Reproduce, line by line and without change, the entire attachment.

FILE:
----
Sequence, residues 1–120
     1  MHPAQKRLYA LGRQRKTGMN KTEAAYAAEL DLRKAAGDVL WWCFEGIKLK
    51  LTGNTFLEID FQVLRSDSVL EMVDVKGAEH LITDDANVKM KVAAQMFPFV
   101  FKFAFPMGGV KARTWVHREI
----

Sequence, residues 1–120
     1  MHPAQKRLYA LGRQRKTGMN KTEAAYAAEL DLRKAAGDVL WWCFEGIKLK
    51  LTGNTFLEID FQVLRSDSVL EMVDVKGAEH LITDDANVKM KVAAQMFPFV
   101  FKFAFPMGGV KARTWVHREI